The scenarios were presented as fictitious articles describing the imagined changes.

The workshops lasted about three to four hours, with 45 minutes dedicated to each scenario. To foster productive debates, participation was limited to ten people, so all could speak. The workshop ended with a short questionnaire. After discussing each scenario, they answered questions, allowing us to quantify their final positions.

To work with small farmers, our approach had to be adapted as our method was based upon articles written in French. This was not ideal for the farmers, some of whom were illiterate. So the scenarios were summarized orally. The farmers fully understood the scenarios and the related hypotheses. Then we asked them to tell us how the scenarios could be adapted to their farms and for their farmers' group. For this, we used simplified representations of farms. We presented the example of a collective farm, as proposed in one of the scenarios, and we asked them how they would organize collectively for a project of this type. The discussion was rich and lively. Some people in the group espoused a traditional approach while others took a more innovative approach. The workshops brought these ideas to the fore. Interesting conclusions were drawn. This way of bringing farmers together to reflect was new for them. And the fact is, there's a long way to go before a project emerges from within the group.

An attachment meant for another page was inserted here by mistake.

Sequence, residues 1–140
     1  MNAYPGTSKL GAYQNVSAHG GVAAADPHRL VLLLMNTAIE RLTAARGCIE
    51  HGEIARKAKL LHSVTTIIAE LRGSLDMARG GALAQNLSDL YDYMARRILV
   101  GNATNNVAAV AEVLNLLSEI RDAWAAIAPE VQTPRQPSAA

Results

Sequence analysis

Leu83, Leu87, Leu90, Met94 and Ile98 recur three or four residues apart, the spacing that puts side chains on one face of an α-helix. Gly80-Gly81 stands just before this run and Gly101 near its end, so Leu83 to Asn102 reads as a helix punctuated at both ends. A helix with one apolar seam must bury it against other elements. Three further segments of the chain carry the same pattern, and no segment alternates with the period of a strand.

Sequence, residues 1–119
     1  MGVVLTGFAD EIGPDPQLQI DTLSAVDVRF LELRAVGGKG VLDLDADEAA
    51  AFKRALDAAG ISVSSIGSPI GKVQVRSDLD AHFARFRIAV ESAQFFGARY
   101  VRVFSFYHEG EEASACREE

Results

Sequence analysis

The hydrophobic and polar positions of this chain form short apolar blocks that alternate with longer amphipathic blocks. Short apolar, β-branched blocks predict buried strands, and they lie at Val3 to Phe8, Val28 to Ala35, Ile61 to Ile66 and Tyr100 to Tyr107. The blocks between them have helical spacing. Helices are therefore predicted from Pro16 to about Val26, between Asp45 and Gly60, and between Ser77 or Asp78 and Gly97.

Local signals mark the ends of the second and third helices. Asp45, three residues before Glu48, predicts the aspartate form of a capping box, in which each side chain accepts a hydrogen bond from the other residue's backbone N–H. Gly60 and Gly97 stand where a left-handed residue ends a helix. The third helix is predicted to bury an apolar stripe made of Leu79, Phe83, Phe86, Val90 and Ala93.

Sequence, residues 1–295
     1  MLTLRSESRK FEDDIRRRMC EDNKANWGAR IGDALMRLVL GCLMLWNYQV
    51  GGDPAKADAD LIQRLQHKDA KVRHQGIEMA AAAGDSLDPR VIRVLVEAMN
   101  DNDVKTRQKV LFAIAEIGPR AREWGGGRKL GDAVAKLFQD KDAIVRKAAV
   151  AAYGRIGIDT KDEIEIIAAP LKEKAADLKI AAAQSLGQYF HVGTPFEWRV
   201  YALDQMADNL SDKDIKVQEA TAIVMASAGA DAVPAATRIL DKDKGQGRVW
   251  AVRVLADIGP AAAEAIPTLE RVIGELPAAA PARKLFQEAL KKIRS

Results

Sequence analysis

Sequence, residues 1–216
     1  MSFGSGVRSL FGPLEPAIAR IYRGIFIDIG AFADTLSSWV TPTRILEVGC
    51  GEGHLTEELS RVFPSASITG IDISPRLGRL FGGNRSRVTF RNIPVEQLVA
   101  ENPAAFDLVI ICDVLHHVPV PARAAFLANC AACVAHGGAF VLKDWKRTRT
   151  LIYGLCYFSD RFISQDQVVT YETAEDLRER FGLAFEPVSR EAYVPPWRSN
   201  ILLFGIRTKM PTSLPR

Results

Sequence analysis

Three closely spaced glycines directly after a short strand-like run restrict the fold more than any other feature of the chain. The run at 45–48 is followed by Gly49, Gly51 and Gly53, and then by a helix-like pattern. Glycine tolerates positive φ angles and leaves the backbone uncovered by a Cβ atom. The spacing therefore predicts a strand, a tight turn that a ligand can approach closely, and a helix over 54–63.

To conclude, we organized a follow-up session with all of the participants.

This session allowed the groups to share their conclusions. We saw that there was little disagreement among them and that they had moved towards a shared vision of the agriculture they wished to develop by 2035. The workshops provoked reflection on the future, but there's much to do. Other people will take over now, to define an agricultural development strategy as well as envision and plan concrete actions to achieve the scenarios that we discussed.

Combating soil erosion in Mayotte

The LESELAM project aims to combat soil erosion in Mayotte in order to achieve a sustainable balance between the development of agriculture and rural communities while protecting the quality of the lagoon environment.